April 2nd, 2011 by Darryl G. Hart
So here I am, a revived Reformed Protestant, sitting in an average Presbyterian worship service and I am not comfortable. Granted, they are singing hymns and so not guilty of that strange insistence on psalm-singing that plagued Calvin and Knox. But these tunes and words just don’t resonate with my soul.
Then there is the long pastoral prayer. I know my good friend at church wishes the pastor would pray the “long” prayer after the service. He seems to think the pastor could apply the sermon better by praying for the needs of the congregation in light of what the sermon covered. My problem is that the prayer is too long and doesn’t use the language I use in my own quiet times. The pastor feels distant from me and the way I approach God.
And the sermon itself is way too long on exposition and short on application and relevance. I get it that we need to enter into the world of the human authors and their audiences. But I have my needs and the pastor really could do a better job of bringing it down to the sort of temptations and problems I face.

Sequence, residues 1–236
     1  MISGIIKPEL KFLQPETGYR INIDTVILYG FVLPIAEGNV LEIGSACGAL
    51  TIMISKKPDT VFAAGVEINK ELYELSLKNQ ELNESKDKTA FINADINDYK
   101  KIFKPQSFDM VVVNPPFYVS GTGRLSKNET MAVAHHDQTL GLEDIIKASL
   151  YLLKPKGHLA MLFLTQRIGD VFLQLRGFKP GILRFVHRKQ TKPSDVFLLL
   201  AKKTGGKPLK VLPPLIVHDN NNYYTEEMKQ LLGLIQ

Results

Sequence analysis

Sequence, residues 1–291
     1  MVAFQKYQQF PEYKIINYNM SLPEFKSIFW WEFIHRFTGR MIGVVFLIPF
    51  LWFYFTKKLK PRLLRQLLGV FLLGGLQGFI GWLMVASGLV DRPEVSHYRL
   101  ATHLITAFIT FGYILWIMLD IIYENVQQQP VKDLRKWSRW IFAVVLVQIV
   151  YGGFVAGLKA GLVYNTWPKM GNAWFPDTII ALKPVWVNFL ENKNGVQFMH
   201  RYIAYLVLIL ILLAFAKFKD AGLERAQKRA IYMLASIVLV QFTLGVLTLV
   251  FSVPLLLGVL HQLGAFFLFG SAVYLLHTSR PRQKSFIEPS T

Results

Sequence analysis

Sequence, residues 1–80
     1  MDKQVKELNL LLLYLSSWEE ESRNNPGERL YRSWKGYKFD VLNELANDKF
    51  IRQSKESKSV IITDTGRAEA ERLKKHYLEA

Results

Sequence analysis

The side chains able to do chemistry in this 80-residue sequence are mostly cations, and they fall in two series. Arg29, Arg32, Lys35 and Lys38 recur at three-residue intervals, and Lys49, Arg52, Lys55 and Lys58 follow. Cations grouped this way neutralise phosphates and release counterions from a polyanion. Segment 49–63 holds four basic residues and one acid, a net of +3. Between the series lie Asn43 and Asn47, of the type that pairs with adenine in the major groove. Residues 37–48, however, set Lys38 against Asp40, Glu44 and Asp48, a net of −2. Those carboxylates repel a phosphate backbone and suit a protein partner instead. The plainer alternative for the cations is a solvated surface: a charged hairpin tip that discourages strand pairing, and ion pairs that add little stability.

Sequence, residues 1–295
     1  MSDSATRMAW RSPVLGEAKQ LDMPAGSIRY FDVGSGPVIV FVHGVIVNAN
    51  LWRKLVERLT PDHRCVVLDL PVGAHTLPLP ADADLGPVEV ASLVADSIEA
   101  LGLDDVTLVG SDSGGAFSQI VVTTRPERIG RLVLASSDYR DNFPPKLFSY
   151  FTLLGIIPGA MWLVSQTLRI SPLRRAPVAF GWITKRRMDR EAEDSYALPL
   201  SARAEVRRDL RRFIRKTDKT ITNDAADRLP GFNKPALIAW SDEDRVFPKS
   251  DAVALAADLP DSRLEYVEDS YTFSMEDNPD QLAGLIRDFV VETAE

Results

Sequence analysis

But the biggest problem is the lack of emotion and energy in the service. This place is way too laid back. Talk about God’s frozen chosen. This worship needs to go up tempo, with room for the people to express their own feelings of joy, sorrow, gratitude, and praise. Why not let a praise band lead us in more vibrant songs? Why not let members of the congregation pray? And why not have some testimonies? This service is far too remote from my own experience of God and the way I express my trust in him.
So it looks like I’ll be heading down the street to the non-denominational church where the worship is far more compatible with the way I know and love God.